Disavowing and distancing yourself from white supremacy and neo-Nazi individuals and groups isn't hard. But until the events in Charlottesville, VA, many tech companies didn't make it a priority to remove such people and groups from their platforms. Since neo-Nazis and white supremacists rallied in Charlottesville, though, leaving three dead, tech companies like Spotify, OkCupid, Google, and CloudFlare are taking a stand.
GoDaddy, which used to host the domain for neo-Nazi site Daily Stormer, dropped the site from its servers earlier this week. The site then moved over to Google, only to have Google do the same. Other companies are joining in and taking similar actions, such as:
- Wordpress no longer supports Vanguard America, a white supremacist group.
- Squarespace will also stop hosting "a group of sites."
- CloudFlare, a security service for websites, announced it would stop protecting the Daily Stormer.
- PayPal won't let people or groups accept "payments or donations for activities that promote hate, violence, or racial intolerance."
- Spotify is removing "hate bands" from its music streaming platform.
- OkCupid banned a white supremacist, Chris Cantwell, from its site as well. It also asked members to report "people involved in hate groups."
- Apple disabled "Apple Pay" for websites selling white nationalist and Nazi products.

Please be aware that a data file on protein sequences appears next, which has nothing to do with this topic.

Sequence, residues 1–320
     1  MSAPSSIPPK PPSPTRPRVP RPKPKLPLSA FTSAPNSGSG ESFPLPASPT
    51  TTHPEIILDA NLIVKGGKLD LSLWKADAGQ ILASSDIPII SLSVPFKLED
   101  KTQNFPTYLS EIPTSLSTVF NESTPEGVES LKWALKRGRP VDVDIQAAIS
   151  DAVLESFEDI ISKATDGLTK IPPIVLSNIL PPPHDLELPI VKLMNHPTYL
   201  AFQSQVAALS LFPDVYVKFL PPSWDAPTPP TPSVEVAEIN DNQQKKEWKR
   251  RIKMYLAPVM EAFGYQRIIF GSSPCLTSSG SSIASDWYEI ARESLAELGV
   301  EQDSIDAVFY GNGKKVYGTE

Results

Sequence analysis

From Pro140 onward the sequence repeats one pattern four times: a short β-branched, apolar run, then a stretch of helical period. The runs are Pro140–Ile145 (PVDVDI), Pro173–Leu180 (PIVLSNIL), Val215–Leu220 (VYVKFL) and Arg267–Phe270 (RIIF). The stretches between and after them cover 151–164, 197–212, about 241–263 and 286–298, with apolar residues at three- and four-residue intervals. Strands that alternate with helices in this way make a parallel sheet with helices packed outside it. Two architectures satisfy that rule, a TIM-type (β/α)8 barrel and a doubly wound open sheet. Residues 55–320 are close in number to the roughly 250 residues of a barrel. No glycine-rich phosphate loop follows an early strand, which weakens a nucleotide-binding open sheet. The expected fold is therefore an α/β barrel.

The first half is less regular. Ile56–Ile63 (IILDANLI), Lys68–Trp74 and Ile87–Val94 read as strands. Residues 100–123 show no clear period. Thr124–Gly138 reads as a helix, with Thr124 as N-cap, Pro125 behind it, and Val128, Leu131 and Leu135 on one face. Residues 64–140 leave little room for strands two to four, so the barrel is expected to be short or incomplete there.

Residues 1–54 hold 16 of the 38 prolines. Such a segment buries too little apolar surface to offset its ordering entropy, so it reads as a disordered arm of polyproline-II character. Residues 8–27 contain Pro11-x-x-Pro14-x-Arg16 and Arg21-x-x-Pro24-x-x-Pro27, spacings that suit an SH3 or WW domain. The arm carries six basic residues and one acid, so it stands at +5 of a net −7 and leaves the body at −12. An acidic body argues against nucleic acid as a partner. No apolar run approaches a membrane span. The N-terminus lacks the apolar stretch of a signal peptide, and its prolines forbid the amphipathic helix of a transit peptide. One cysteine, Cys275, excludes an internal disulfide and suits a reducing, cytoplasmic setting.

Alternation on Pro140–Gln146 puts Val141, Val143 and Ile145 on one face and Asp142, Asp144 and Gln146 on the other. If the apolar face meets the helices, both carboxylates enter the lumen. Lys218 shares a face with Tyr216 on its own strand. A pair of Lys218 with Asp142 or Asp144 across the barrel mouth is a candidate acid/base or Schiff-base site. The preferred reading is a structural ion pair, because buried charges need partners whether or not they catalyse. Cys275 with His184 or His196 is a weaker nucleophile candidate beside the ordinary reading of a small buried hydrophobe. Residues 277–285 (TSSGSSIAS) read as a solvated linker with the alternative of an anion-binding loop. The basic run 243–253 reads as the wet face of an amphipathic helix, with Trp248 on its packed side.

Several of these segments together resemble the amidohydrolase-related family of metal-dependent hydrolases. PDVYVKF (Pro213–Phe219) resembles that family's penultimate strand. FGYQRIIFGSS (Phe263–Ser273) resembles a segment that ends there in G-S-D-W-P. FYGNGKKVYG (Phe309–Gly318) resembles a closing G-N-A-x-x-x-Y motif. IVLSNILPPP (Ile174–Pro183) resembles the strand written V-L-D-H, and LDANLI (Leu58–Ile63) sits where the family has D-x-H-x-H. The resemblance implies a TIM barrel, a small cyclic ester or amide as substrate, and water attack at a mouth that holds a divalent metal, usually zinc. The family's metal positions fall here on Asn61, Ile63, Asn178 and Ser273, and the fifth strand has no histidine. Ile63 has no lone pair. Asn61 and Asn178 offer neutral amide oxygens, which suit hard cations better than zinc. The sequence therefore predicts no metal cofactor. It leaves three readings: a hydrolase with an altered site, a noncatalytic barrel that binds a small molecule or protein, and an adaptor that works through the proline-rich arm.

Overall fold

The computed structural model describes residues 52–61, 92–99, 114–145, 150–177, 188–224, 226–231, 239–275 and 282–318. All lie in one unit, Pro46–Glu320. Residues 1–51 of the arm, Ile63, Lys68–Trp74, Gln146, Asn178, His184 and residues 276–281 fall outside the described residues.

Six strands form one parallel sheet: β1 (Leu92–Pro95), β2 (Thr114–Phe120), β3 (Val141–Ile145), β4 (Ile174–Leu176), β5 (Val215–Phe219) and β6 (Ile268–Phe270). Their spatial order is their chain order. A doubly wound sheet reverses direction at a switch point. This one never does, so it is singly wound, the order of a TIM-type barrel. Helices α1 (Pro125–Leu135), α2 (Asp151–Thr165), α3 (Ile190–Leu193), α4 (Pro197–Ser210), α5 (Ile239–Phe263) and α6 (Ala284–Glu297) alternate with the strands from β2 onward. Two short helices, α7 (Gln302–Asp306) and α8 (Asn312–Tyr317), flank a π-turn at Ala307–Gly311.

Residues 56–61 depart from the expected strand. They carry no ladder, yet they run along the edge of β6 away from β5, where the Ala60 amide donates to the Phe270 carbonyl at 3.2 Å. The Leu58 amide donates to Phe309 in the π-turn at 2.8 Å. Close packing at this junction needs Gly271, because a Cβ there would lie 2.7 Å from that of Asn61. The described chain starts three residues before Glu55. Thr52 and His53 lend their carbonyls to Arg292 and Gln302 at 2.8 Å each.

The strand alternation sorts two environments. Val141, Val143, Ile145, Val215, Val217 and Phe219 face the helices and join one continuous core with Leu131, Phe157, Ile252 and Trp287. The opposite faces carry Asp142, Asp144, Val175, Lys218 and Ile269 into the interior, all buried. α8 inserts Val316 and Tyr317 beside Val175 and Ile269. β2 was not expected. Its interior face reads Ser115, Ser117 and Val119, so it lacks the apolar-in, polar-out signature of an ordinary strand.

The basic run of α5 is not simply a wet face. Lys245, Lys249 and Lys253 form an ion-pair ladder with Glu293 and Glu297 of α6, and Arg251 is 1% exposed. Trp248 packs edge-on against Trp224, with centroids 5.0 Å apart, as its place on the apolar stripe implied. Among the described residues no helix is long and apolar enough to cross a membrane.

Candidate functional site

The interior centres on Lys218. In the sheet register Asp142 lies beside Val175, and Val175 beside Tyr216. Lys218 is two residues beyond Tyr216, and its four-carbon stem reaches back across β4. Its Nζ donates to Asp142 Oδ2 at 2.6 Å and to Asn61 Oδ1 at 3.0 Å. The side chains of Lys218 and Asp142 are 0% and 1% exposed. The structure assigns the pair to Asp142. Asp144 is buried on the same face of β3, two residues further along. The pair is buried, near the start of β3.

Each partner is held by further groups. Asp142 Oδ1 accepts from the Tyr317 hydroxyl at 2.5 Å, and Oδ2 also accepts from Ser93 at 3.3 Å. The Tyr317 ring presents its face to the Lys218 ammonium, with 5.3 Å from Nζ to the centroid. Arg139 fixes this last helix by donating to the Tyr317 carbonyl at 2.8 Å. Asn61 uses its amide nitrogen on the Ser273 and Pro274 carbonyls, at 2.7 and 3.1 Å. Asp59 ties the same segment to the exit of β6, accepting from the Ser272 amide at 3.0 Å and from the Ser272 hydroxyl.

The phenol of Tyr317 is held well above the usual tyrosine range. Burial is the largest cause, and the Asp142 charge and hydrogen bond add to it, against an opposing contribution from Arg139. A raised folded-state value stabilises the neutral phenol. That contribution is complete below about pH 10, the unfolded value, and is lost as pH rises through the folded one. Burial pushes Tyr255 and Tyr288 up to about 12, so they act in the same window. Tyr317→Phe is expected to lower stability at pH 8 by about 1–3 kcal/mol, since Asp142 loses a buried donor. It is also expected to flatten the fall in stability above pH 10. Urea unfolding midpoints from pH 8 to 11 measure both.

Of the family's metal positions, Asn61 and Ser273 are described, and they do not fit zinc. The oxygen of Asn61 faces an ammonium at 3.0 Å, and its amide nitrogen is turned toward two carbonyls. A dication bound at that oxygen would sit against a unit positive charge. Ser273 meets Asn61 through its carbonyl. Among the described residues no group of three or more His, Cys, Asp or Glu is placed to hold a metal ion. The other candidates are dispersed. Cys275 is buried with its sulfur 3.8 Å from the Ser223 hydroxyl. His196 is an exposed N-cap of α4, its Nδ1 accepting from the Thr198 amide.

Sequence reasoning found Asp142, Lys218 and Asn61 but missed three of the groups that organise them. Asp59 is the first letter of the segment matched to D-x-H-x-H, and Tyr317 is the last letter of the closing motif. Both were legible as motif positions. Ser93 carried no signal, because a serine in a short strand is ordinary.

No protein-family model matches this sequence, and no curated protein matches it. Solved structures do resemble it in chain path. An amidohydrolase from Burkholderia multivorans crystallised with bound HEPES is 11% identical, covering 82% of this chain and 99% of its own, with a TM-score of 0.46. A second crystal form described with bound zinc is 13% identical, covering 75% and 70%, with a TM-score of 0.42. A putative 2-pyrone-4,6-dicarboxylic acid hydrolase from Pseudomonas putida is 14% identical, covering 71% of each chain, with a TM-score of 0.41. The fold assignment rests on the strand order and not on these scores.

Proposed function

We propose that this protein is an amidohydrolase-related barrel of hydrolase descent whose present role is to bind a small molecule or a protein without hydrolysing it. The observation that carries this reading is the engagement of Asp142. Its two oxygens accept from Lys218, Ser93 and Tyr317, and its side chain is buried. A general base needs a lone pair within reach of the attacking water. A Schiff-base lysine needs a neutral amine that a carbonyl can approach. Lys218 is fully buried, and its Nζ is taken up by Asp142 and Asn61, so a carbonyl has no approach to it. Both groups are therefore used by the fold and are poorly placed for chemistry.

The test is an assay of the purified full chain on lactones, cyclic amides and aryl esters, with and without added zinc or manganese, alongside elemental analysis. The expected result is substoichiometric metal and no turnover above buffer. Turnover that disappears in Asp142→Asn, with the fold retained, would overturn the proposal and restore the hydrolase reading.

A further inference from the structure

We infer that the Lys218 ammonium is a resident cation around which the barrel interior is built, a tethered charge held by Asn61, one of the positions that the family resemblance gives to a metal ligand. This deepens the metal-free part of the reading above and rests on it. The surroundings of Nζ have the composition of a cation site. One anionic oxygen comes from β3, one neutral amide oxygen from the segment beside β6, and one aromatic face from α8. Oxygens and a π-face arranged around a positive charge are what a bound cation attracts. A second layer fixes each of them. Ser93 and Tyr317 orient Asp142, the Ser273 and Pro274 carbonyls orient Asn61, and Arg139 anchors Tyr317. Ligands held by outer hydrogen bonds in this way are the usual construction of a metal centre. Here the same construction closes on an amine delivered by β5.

- Twitter suspended the Daily Stormer's Twitter account.
- Facebook and Instagram deactivated the account for Chris Cantwell. Facebook has also taken down pages belonging to white supremacist groups.
- Before the events in Charlottesville started, Airbnb preemptively shut down accounts and bookings if they was associated with the "Unite the Right" rally.
- Discord, a chatting app, shut down a number of servers associated with the alt-right.
- GoFundMe also took down several campaigns for James A. Fields, the driver who is charged with striking and killing Heather Heyer.
However, many have pointed out that while this is a noble effort from many of these companies, some of these platforms still host other white supremacist or neo-Nazi sites, groups, and pages. In the past, while some companies may have been reticent to take action on sites like these because of free speech and First Amendment concerns, the tide appears to be changing. PayPal made it clear why it was finally time to take action: "We recognize and work to navigate the fine lines that exist in these situations, and our teams do their best to distinguish between opinion-based, offensive websites and those that go beyond opinion and discourse and violate our policies." In our opinion, it's time even more tech companies took a stand to distinguish hate speech from free speech.